By contrast to the improbability argument, a good intelligent design argument rests upon the impossibility of non-design. Michael Behe has famously illustrated the principle with his mousetrap analogy. A mousetrap is an irreducibly complex system that requires at least five working parts to operate; if any single one of the parts is missing, the whole will not perform its function. […] In my opinion, this is the best of the best of evidential-type argumentation (but even here it does not rise to the level and power of presuppositionalism).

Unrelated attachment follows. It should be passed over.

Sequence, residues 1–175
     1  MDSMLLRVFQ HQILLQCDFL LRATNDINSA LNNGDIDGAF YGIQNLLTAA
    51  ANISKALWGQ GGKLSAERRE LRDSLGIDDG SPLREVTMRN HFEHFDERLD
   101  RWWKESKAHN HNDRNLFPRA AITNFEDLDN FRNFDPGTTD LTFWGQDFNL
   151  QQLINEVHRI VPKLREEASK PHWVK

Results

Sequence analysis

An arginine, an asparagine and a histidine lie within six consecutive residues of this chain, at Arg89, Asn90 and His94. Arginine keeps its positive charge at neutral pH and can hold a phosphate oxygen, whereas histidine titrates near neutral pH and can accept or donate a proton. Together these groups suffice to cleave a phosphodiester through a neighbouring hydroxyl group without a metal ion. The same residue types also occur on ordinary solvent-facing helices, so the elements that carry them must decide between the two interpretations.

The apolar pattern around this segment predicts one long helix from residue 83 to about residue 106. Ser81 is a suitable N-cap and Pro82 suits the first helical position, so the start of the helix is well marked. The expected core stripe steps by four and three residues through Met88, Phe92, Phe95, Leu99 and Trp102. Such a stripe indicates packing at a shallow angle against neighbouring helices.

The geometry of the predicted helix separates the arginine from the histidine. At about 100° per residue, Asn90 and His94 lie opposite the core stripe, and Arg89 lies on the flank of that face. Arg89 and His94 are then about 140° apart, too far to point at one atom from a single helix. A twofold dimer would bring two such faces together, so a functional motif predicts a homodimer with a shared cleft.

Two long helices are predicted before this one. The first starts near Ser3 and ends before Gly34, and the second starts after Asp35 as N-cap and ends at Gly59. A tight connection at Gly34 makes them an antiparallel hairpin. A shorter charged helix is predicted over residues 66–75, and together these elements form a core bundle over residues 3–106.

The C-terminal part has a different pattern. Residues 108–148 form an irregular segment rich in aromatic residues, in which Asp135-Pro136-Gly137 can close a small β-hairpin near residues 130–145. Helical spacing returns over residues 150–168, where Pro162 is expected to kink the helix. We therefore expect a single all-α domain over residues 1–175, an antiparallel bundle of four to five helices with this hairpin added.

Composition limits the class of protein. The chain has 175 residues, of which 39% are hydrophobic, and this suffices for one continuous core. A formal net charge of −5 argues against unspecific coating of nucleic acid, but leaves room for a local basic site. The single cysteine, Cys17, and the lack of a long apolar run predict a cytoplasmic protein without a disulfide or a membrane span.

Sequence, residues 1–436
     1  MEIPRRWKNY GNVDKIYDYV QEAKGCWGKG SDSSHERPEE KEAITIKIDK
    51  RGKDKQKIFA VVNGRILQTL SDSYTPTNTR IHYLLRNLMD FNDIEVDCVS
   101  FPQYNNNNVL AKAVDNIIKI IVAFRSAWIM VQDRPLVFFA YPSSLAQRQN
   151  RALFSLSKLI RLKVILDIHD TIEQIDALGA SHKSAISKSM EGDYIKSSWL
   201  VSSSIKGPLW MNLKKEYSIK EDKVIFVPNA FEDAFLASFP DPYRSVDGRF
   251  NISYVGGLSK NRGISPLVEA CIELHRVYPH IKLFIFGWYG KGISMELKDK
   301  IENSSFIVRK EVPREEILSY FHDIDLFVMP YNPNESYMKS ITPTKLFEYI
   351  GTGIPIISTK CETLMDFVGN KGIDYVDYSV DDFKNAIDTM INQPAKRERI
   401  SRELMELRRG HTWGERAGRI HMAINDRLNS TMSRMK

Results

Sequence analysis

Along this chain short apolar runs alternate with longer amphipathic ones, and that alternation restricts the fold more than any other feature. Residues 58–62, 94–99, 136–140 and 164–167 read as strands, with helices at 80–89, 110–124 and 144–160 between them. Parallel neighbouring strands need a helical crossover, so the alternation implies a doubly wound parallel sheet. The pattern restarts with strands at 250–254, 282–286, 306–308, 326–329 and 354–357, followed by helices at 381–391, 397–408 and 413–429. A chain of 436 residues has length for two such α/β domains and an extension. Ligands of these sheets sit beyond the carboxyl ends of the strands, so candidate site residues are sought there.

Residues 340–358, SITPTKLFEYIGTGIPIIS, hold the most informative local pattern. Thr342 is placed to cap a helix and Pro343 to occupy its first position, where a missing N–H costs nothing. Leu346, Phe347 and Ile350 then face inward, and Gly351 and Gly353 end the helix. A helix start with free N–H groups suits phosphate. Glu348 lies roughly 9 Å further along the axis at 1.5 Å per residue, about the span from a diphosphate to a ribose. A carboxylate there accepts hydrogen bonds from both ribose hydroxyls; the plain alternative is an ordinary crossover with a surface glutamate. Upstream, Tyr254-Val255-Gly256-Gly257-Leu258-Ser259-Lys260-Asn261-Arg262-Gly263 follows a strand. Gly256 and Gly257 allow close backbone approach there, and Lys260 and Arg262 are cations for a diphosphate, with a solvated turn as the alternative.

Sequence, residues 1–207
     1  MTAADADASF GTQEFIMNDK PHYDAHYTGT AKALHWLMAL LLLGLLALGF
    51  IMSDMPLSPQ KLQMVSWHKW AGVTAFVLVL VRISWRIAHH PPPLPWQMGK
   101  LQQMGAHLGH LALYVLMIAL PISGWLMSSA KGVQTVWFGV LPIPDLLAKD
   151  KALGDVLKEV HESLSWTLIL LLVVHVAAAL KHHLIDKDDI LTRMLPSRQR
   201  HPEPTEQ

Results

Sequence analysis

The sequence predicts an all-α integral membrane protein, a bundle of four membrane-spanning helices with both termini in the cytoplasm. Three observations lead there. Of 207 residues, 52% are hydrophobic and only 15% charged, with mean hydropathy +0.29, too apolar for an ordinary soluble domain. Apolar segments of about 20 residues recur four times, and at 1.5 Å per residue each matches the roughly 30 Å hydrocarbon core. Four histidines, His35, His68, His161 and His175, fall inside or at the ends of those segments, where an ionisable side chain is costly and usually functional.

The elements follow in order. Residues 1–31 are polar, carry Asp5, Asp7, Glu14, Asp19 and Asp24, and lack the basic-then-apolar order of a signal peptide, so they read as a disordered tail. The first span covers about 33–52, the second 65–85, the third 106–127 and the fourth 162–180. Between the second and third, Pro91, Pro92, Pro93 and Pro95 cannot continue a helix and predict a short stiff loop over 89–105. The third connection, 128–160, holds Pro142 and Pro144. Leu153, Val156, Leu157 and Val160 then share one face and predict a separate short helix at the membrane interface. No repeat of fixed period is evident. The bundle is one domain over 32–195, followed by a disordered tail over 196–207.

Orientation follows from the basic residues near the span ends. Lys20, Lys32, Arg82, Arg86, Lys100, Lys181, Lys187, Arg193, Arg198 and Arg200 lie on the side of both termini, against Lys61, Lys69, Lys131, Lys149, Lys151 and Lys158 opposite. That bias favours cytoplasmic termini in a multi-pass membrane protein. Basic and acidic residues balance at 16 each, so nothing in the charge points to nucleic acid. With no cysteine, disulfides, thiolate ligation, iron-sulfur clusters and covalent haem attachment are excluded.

Christian proponents of intelligent design and readers of creation science materials should not accept or reference anything like a “God Equation” as a legitimate argument for the existence of the God of the Bible. It does not appear even to be legitimate science, and even if it were it would tell us little-to-nothing more about the universe than we already have known for some time. It does not even get close to a powerful argument for Christian theism, and it rests on basically the same worldview assumptions and methods as the atheistic worldview—human autonomy.
It is man who must justify his actions before God – or, much better repent of his wickedness and strive to obey God’s commands.
God need not justify himself to men. God is the source of law, not some black-robed pagans, power-worshipping politicians, or corporate whores.